This is the second year St Brigid’s Primary School participated in the student principal day and this year it formed an application process, whereby grade 6 students would apply for the position anonymously.

“[In Danah’s application] she spoke of inclusiveness, it wasn’t just about her interests, it was about the children as a whole,” Mrs McCulloch said.

Danah’s reasons for applying for the position of student principal were because it was an opportunity to develop and practise leadership skills.

“I think it’s an important skill to have in life, most jobs need leadership skills – whether it’s one person or a group,” Danah said.

Danah conducted a fire drill, participated in morning duty, worked on the newsletter, addressed the students at line-up and a number of other principal activities.

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Range of art on display

THERE is something for everyone to enjoy at the North West Arts Circle group exhibition at the Devonport Regional Gallery.
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The exhibition was officially opened on Friday and will only run for two weeks.

Jack Russells painted by Dianne Beveridge will beexhibited at the Devonport Regional Art Gallery.

Devonport Regional Gallery director Ellie Ray said there are more than 50 works in the show.

“They are predominantly watercolours, oils and there is some sculpture work,” she said.

“One emerging artist has included printed textile, they are actually long shawls and the medium is called arashi shibon.”

The work submitted to the exhibition is varied in content, from landscapes and seascapes to portraiture.

“We’ve also got a nice collection of animal portraits this year,” Ms Ray said.

The collection of works are also vying for a share in more then $1000 worth of prizes.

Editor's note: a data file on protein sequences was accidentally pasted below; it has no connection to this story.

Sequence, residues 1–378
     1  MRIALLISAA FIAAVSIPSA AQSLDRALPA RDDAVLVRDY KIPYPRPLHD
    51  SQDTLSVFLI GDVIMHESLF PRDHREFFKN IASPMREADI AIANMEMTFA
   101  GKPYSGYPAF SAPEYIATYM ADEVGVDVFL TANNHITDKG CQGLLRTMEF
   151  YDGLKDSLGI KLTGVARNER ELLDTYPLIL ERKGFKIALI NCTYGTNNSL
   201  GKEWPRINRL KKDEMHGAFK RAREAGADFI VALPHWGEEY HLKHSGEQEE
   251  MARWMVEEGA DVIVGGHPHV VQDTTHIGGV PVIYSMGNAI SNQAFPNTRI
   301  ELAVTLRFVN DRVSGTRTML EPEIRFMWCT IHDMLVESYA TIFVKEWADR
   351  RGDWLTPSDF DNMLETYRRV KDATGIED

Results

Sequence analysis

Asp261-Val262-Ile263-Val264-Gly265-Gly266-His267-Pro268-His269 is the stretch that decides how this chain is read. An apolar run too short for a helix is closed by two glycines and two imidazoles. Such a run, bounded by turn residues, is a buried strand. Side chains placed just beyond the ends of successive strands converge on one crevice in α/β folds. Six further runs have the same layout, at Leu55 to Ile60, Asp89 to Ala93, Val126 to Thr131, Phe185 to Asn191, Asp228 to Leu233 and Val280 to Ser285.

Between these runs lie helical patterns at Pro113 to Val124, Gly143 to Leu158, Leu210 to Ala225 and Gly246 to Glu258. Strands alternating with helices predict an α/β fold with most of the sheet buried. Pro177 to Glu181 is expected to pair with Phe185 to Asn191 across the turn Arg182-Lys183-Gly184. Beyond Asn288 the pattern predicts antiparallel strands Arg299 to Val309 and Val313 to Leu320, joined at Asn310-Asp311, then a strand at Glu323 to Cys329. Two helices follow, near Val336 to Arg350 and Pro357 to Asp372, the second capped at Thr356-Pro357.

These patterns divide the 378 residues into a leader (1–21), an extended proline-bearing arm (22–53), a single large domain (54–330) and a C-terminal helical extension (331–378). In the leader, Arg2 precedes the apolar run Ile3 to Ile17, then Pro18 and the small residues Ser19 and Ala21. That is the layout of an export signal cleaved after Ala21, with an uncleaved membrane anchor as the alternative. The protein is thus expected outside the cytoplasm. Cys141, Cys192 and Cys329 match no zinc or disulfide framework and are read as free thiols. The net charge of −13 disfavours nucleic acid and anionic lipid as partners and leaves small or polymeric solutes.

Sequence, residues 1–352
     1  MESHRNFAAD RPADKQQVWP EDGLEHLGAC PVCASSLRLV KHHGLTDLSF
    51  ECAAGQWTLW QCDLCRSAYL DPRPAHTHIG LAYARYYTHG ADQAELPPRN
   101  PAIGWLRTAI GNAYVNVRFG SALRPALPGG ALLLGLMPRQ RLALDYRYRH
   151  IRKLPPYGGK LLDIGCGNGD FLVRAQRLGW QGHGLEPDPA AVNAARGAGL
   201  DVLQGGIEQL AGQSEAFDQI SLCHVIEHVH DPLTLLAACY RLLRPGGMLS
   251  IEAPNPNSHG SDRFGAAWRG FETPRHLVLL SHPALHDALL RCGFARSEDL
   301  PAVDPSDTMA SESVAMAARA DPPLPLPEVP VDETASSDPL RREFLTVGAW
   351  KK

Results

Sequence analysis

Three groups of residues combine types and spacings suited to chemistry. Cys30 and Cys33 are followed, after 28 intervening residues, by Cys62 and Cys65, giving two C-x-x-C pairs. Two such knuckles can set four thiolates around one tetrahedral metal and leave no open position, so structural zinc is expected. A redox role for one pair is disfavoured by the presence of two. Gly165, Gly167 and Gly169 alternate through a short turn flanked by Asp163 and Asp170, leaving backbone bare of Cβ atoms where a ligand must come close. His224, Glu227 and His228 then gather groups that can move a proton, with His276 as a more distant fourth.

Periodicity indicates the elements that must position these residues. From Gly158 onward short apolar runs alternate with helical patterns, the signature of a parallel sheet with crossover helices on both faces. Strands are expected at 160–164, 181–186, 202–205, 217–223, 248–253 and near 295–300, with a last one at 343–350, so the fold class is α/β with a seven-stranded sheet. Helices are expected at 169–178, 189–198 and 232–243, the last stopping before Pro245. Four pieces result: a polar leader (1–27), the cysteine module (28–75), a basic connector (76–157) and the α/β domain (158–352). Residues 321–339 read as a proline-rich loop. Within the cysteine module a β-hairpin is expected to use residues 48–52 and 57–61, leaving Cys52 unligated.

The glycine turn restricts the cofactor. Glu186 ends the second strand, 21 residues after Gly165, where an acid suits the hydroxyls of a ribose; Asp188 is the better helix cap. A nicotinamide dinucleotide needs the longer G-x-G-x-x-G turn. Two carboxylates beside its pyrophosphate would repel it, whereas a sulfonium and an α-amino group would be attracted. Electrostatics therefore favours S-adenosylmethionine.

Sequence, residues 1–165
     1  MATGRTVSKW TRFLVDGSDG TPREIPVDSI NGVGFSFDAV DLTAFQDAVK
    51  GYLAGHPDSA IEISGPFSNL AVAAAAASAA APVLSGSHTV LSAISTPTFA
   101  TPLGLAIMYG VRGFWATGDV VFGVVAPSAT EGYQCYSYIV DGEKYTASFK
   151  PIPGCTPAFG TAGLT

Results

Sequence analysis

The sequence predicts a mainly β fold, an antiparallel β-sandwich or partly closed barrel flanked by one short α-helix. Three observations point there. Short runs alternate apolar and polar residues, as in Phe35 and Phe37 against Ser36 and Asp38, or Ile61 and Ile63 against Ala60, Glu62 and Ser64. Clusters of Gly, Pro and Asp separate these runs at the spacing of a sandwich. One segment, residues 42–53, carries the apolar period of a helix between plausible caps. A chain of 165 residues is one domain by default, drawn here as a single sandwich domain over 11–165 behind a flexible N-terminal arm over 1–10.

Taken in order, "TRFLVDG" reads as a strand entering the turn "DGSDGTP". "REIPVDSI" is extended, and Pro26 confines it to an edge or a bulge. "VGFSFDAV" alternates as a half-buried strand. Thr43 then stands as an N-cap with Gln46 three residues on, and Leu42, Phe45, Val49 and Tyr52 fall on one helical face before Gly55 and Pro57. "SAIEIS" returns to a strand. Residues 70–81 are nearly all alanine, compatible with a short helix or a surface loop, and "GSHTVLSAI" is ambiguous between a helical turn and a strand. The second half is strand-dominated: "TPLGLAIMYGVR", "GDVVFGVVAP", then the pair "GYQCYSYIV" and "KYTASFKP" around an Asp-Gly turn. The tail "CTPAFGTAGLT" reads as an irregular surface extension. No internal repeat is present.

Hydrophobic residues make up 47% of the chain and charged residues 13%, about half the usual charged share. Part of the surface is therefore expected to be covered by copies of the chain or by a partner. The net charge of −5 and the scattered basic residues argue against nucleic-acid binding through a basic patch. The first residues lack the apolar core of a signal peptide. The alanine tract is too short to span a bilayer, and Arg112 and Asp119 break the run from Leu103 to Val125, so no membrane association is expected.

The exhibition will be judged by the head of painting at TasTAFE Fred Fullerton.

The major award is $500 and there will be two highly commended awards of $250 each, all donated by the Rotary Club of Ulverstone West.

There will also be an emerging artist award, people’s choice and a viewers prize, all donated by the North West Arts Circle.

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Hairdressers help out

CANCER is such a huge part of our lives these days.
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It doesn’t discriminate on age, gender or lifestyle and you could pretty much say everyone knows someone that has been affected by cancer, either directly or indirectly.

Carolyn McLennan, of Carolyn McLennan Hairdressing, said through the salon herself and her staff hear about their client’s cancer journeys, from the shock of a diagnosis and through the treatment process.

“In recent months it has really hit home with one of our own being affected by breast cancer.

“We have seen firsthand the impact that it takes, not only on the person diagnosed but their family and friends,” Mrs McLennan said.

Carolyn McLennan hairdressing employees (from left) Gillian Minehan, Kelsie Sheehan, Carolyn McLennan (withChino the dog) and Jodie Garwood are ‘‘Giving Cancer the Boot’’ with their fund-raising campaign.

“Although their support is essential, it can also help to speak with someone slightly distanced from the situation.

“At the time of Gillian’s procedure, there was an article in the paper about McGrath Ski Breast Care Nurse, Tracey Beattie.

“Gillian contacted Tracey who, through her medical training, was extremely knowledgeable about what Gillian was experiencing and explained it all in layman terms, providing support through the journey when she needed it the most.

“Tracey gave Gillian some level of control and understanding when she was perhaps at her lowest and least in control.

“While we are extremely fortunate to have Tracey’s services, she is just one person with a huge area of responsibility, especially given the high incidence of breast cancer on the North-West Coast.

“At the salon we wanted to not only raise awareness of Tracey’s support service to others with breast cancer but also show our support to her personally.

“We have therefore made June `Give Cancer the Boot’ month and decorated our shop front in vibrant pink.

“We are also wearing colourful gumboots for the month as well.

“We invite anyone to come in and donate funds which will be passed on directly to Tracey to assist her in continuing her wonderful work,” Mrs McLennan said.